It was sometime in mid May that Facebook, which owns WhatsApp, announced and identified a vulnerability involving a WhatsApp service. It closed the vulnerability, informed law enforcement and advised users to update the WhatsApp application.

WhatsApp has sued the Israeli company in California under the statutes of the California State and the United States government. According to details accessed by the Livelaw website, the case was filed by WhatsApp Inc. and Facebook Inc. before the Northern District Court of California. It was alleged that NSO Group used WhatsApp services located in the U.S. and elsewhere to send malware to approximately 1,400 mobile phones and devices of WhatsApp users to infect their phones for conducting surveillance.

Alleging a breach of contract, the complainants said that NSO had used WhatsApp services such as signalling and relay servers without authorisation between April and May. It created WhatsApp accounts as it was unable to break the end-to-end encryption. The complainants said this was a breach of contract as WhatsApp prohibits its users from exploiting its services in an unauthorised manner and with intent to harm its users and WhatsApp services.

According to the complaint filed in the California court, one NSO Group employee alleged that Facebook had “closed our biggest remote for cellular... it’s on the news all over the world”.

As of June, Facebook had on average 1.5 billion daily active users and 2.41 billion monthly active users. Facebook is WhatsApp’s service provider in terms of both security and infrastructure. An estimated 1.5 billion people in 180 countries use WhatsApp services. India is the biggest market for the app, with more than 400 million users.

WhatsApp claims that it is an encrypted communication service where all conversations, including calls, videos, chats, group chats, images, videos, voice messages and file transfers, are encrypted during transmission to users.

Petition seeks NIA probe

Former Rashtriya Swayamsewak Sangh ideologue K.N. Govindacharya filed a petition in the Supreme Court seeking an investigation by the National Investigation Agency. The petition also demanded that first information reports (FIRs) be registered against WhatsApp, Facebook and NSO Group under relevant sections of the Information Technology (IT) Act and the Indian Penal Code (IPC). Interestingly, the petition also sought to restrain the Government of India from using Pegasus for surveillance purposes. The petition also seeks protection and enforcement of the fundamental right to privacy.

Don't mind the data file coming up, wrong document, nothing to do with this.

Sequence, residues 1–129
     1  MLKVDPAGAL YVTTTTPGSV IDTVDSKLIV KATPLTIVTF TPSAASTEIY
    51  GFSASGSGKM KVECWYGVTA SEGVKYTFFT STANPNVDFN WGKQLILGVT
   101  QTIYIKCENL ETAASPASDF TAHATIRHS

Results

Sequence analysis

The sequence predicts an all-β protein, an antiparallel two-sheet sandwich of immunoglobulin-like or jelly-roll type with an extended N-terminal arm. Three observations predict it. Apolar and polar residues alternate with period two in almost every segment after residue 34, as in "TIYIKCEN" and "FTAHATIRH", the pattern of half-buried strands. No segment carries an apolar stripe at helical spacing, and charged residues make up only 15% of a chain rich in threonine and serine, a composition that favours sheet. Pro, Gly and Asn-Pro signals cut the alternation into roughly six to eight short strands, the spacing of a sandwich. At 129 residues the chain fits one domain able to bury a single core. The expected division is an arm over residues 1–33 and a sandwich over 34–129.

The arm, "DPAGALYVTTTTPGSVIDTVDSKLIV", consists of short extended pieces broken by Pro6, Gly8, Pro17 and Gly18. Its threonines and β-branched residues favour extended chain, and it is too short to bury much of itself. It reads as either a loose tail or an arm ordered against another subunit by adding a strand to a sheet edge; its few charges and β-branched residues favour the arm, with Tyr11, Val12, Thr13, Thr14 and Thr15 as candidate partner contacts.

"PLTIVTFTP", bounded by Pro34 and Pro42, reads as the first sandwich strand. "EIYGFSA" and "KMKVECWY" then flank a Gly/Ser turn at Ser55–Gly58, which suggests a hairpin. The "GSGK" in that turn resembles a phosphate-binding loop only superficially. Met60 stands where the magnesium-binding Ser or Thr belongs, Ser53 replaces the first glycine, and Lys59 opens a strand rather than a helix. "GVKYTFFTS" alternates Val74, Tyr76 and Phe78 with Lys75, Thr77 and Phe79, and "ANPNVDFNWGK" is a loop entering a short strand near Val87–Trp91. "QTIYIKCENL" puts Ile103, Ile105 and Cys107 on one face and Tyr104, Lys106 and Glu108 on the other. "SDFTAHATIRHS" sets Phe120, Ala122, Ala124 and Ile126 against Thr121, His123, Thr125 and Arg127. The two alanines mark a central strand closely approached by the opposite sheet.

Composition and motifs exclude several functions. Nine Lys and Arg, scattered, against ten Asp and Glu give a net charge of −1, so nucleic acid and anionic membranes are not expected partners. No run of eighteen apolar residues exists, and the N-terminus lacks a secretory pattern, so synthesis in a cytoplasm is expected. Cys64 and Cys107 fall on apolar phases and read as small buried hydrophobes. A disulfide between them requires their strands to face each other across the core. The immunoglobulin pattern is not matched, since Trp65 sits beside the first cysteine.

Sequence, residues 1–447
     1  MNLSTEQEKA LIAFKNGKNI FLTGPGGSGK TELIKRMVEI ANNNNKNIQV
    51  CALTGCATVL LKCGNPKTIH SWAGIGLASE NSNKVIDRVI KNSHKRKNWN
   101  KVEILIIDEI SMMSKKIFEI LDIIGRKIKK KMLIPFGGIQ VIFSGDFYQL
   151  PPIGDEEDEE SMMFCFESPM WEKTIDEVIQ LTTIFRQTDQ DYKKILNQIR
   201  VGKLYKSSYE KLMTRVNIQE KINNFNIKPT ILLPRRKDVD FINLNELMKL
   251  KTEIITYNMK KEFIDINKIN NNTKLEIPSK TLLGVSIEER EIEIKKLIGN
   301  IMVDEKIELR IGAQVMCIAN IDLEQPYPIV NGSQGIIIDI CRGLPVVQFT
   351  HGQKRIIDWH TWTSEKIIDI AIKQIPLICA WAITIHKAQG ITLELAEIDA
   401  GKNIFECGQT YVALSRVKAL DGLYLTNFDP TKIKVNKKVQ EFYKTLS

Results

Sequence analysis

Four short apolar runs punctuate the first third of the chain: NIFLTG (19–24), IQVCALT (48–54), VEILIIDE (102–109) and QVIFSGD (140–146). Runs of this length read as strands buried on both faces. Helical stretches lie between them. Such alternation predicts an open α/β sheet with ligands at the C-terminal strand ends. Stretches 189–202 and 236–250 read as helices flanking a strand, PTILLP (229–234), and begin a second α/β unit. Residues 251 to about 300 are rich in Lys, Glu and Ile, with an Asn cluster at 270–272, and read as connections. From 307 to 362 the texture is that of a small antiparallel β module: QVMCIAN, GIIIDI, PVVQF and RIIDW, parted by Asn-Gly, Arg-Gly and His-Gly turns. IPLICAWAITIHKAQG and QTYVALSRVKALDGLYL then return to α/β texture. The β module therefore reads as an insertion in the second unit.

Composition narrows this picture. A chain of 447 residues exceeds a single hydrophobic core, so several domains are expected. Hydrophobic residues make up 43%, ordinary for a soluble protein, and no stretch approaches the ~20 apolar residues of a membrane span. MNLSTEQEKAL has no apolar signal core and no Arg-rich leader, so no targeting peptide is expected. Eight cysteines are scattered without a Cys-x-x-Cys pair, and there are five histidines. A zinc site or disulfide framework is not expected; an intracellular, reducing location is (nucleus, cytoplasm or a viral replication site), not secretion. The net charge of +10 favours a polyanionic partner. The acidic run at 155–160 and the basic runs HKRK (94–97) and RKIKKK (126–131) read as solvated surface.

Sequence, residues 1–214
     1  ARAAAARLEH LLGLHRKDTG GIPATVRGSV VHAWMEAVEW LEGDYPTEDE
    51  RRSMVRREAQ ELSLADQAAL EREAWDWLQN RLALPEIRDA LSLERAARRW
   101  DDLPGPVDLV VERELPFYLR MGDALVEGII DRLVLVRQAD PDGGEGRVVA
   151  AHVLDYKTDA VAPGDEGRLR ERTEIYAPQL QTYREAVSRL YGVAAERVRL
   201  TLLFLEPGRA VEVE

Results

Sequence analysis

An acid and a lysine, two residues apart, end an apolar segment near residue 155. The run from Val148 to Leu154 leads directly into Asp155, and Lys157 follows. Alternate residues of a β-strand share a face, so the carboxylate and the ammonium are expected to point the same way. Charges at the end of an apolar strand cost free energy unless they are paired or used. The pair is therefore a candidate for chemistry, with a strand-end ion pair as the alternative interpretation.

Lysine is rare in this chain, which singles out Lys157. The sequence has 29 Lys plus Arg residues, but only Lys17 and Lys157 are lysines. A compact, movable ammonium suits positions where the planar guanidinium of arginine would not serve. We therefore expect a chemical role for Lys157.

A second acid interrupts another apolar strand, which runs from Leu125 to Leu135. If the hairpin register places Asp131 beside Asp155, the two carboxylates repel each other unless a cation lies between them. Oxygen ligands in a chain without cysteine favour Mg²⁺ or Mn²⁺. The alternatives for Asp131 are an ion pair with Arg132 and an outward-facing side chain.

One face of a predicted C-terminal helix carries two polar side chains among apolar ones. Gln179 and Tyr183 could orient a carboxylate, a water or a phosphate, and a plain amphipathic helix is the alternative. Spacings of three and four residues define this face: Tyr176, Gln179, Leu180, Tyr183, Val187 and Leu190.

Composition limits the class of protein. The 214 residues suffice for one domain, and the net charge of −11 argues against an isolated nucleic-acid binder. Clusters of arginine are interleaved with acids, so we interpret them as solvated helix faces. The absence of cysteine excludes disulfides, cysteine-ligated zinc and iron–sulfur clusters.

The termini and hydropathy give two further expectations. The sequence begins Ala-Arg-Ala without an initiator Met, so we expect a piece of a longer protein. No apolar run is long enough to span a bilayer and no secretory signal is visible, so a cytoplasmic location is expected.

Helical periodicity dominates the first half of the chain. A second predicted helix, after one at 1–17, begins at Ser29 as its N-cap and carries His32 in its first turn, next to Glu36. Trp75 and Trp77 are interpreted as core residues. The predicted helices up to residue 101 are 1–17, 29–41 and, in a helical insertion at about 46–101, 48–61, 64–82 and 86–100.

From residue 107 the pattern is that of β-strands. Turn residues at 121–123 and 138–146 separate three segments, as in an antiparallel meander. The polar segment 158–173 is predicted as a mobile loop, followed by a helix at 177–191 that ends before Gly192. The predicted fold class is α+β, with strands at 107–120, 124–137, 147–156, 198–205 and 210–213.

Currently there is no legislation for data protection. Section 69 of the 2000 IT Act allows any government, Central or State, to direct any of its agencies to intercept, monitor or decrypt any information generated, transmitted, received or stored in any computer source. The government’s surveillance rights are not deemed to be absolute as it can only do so after approval by the Home Secretary.

The Personal Data Protection Bill was introduced in Parliament in 2006. It has been redrafted as the Personal Data Protection Bill, 2018, which recognises the right to privacy of individuals as a fundamental right and the need to protect personal data as an essential facet of informational privacy. It also seeks to establish a Data Protection Authority. This assumes significance after the landmark nine-judge Supreme Court bench judgment in 2017 declaring privacy as a fundamental right, but it is not a comprehensive Bill, cybersecurity experts say.

Victims of surveillance

NSO Group was earlier embroiled in another controversy when it was alleged that it had aided Saudi Arabia and Mexico in spying on their citizens. In the case of Saudi Arabia, it had allegedly provided software to the Saudi government about the whereabouts of Saudi dissident and The Washington Post journalist Jamal Khashoggi, who was murdered inside the Saudi Consulate in Istanbul.

The Free Software Movement of India (FSMI), a national coalition of various regional and sectoral software movements in India, has condemned “the targeted surveillance of activists, lawyers and journalists with the Israeli Pegasus spyware”.

In a statement, the FSMI said: “The targets include over 40 politicians (earlier reported to be 24), lawyers, journalists and academics in India. Many of those targeted are involved in the Bhima Koregaon case while others are prominent critics of the government.”

It added: “As per the Telegraph Act, the Supreme Court’s judgment in the PUCL case and the current legal framework, surveillance of an individual can be done only on the basis of an order signed by the Home Secretary. Even this surveillance covers only the interception of messages and does not permit any hacking of people’s devices. The use of spyware such as Pegasus is equivalent to an illegal search and seizure of the data and information held privately by an individual on his or her device. While the Cyber & Information Security Division of the Ministry of Home Affairs has said it has no information of the purchase of Pegasus, the government is yet to declare that no department has purchased the spyware.”